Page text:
Are Jobs Getting Worse?

The Evolving Distribution of Wages and Job Composition Over the 2001 to 2004 Period

This study uses household survey data through August of 2004 (most recent available at the time of writing) to evaluate changes in the average wage, distribution of wages, and differences in the composition of growing and shrinking jobs. This study adds to the state of knowledge about the present recovery by virtue of (1) using up-to-date wage and employment data; (2) using a more informative classification of “jobs” through 440 detailed industry and occupational categories; and (3) producing more reliable findings through analyzing the entire distributions of job composition and wages, instead of just providing averages.

The key findings are:

  1. Wage growth was tepid immediately after the recession (i.e., 2002 and 2003) and turned negative over 2004. Adjusted for inflation, the average wage grew at 0.06% and 0.6% annually over 2002 and 2003, respectively. During the current year, the real wage fell by an annualized 0.42%. Overall, since the 4th quarter of 2000, the real wage has grown at an annual average rate of 0.9%, but this was driven primarily by a 3.4% growth during 2001.
  2. Wages throughout the distribution today stand lower than where they were during the 4th quarter of 2001, when the recession ended and the recovery began. However, the hardest hit have been workers at the bottom half of the labor market. During the recovery period, those earning at the 10th percentile saw their wage fall by an annual average of 1.4%; the median wage remained completely static; and those earning at the 90th percentile saw an annual growth of 0.1%. Analysis of the current year, the recovery period, and the full period of the study consistently reveal declining wages at the bottom end of the labor market, and a growing gap between the top and the bottom.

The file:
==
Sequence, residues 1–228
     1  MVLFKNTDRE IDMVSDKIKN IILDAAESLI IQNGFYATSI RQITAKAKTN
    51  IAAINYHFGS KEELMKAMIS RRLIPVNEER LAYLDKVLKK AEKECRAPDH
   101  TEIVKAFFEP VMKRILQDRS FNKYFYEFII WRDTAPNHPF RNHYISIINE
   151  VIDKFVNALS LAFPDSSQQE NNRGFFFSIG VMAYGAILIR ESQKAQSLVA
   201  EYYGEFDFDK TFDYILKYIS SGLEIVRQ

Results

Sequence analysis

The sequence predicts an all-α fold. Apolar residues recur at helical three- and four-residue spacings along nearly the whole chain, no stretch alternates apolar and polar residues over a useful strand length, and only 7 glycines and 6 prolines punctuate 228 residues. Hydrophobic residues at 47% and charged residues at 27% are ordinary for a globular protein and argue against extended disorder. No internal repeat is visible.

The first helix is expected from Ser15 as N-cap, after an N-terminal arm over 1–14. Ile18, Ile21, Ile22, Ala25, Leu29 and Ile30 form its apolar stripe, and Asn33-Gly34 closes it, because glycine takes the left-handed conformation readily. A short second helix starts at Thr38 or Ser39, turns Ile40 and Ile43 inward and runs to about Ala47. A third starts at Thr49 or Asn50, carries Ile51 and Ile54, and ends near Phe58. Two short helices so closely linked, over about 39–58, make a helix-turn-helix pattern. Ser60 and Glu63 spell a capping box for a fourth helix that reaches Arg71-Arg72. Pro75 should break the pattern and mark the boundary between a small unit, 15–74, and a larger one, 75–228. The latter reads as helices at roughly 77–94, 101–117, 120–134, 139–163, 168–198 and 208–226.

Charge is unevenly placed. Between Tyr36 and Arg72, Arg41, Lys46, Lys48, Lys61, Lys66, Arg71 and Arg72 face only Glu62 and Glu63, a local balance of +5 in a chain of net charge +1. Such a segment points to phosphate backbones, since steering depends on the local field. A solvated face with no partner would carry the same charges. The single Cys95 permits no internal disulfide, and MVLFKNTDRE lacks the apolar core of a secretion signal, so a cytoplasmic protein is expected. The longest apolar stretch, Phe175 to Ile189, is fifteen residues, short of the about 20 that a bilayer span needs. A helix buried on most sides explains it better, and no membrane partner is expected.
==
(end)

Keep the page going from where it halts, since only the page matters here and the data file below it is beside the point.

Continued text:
3. Types of jobs that were shrinking paid 10% to 12% more than jobs that were growing throughout the 2001 to 2004 period. This wage gap between growing and disappearing jobs has been stable over the recovery, and this year stood at $1.90/hr (or 11.5%).
  4. Growing jobs were relatively more concentrated in the lowest part of the distribution (under $12/hr) as compared to shrinking jobs throughout 2001 to 2004. The analysis of the entire distribution shows that the modal (or most prevalent) growing jobs paid around $9/hr, and were typically composed of service occupations in health services and hospitality industries. The modal shrinking jobs paid between $12 and $15/hr and were typically represented by production workers in electronics and machinery manufacturing, as well as administrative workers in industries such as telecommunications, or professional and technical services.
  5. Jobs paying at the bottom third of the distribution saw a surge in net employment growth throughout 2001 to 2004. Although there has been an upturn in middle range jobs during the current year, this has largely come at the expense of jobs paying at the top third. Looking either at the recovery period or this year alone, job growth at the bottom third outpaced growth in the middle by 2-to-1. Meanwhile, growth at the top third stagnated over the recovery period generally and actually shrank during 2004.